The Green Teepee Project
My project has reached its culmination at Nourish the Planet.
I have learned a multitude.
Ending at stage two of three,
stage three for someone to take over and maintain.
I spent hours thinking and designing a lasting idea.
Mistakes were made.
And frustrations were had.
A path was worn back and forth to the drawing board.
I could not have done this without the many hands that had helped,
each helping individual imparting his or her style and character on this design.
Open source creativity and innovation taking flight.
Building something with my own hands that
withstands high winds and the elements,
has very little environmental and economic impacts,
and is able to sustain us,
Gives me insurmountable joy.
How do I want to be remembered by the Green Teepee?
I want to be remembered as a prophet,
A prophet of a future not my own.
Putting forth the effort to give to,
And support those after me.
It is time to build your own Green Teepee.
Whatever that may be
Build something with your hands that will last,
The Green Teepee is finished. Well, stage two is complete. I finally was able to make the correct measurements and cuts for the surrounding plastic canvas. Cutting and placing the plastic on the teepee itself was the most difficult and time-consuming step of the process.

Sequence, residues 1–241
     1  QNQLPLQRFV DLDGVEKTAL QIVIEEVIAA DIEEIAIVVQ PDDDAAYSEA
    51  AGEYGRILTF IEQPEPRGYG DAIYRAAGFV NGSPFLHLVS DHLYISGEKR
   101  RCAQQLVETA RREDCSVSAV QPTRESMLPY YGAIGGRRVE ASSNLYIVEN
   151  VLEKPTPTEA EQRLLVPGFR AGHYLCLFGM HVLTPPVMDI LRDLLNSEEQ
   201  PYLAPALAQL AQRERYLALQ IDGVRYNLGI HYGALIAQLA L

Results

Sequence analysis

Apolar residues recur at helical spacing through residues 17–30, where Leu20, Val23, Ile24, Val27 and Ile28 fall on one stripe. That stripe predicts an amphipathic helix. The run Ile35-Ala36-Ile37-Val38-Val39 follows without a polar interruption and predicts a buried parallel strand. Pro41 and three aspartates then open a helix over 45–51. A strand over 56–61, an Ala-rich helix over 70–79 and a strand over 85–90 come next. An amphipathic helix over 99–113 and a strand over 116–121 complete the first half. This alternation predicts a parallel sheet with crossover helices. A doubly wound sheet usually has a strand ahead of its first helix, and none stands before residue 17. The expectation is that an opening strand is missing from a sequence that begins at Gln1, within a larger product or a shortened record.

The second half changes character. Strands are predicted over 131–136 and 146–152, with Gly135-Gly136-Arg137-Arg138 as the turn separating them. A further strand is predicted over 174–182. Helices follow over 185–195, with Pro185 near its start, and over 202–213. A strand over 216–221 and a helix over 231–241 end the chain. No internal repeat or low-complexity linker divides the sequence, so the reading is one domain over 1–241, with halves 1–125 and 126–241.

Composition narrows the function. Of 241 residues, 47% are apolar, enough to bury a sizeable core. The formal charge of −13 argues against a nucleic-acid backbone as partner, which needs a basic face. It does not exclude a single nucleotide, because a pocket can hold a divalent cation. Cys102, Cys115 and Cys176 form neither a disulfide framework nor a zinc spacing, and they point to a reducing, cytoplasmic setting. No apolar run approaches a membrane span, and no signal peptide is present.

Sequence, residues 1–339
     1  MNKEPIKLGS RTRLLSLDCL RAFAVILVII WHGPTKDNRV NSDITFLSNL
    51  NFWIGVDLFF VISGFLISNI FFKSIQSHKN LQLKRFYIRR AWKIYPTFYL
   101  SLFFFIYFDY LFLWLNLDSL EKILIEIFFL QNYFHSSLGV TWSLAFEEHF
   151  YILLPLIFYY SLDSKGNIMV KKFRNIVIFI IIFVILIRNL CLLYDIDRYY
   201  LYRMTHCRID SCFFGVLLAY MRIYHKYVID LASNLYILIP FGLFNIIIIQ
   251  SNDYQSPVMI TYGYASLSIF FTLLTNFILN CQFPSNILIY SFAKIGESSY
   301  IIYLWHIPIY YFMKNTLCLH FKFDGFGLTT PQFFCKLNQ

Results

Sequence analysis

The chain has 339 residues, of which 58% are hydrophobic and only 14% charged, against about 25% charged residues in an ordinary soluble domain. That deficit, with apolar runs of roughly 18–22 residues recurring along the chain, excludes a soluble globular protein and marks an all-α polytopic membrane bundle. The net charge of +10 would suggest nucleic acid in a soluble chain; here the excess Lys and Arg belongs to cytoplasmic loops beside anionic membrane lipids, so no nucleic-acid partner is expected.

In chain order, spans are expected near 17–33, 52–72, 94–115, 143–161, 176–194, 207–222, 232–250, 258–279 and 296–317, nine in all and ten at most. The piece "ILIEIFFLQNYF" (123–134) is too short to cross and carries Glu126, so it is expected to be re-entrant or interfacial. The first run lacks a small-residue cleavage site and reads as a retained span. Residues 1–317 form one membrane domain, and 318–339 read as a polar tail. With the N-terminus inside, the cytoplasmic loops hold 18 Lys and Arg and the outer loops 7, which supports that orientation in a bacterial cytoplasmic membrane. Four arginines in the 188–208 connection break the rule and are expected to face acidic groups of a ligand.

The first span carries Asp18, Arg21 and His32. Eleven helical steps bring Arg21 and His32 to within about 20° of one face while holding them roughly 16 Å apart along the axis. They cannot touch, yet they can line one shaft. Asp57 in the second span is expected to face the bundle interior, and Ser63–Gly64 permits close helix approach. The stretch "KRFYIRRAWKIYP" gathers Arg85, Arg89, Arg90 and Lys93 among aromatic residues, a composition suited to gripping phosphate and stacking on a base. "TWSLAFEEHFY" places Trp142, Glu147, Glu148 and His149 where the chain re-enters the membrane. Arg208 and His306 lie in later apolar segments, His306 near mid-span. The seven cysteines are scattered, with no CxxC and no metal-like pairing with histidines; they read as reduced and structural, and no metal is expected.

Cutting a canopy for a four-poled teepee is a new concept, which made a little difficult. However, I had help from handy-man extraordinaire Timothy in coming up with a design. By simply folding an 8 x 10 hamburger style, and then making a diagonal cut from the bottom outside corner to the apex, I found a design that will wrap plastic ¾ the way around the teepee. I then cut the last remaining piece in a triangle shape that completed the canvass. The last piece serves as the door.
I hemmed the door piece to the remaining plastic with synthetic rope on each side. I first made grommet holes into the plastic, fortified it with PVC pipe and gorilla tape to bare the load, and then hemmed the rope down from the apex to the base of the plastic. Undoing the rope from the ground up to make an opening creates the door access.
More work has to be done with the teepee greenhouse. Aesthetically it can be improved. The ventilation point at the apex can be modified. Incorporating an easier way of getting in can modify the door. Ropes can be tied to the holes I drilled into the top plate and be suspended into the ground to support shade cloth in the summer time.
All in all, I am very proud of what I built.
– Drew Hundelt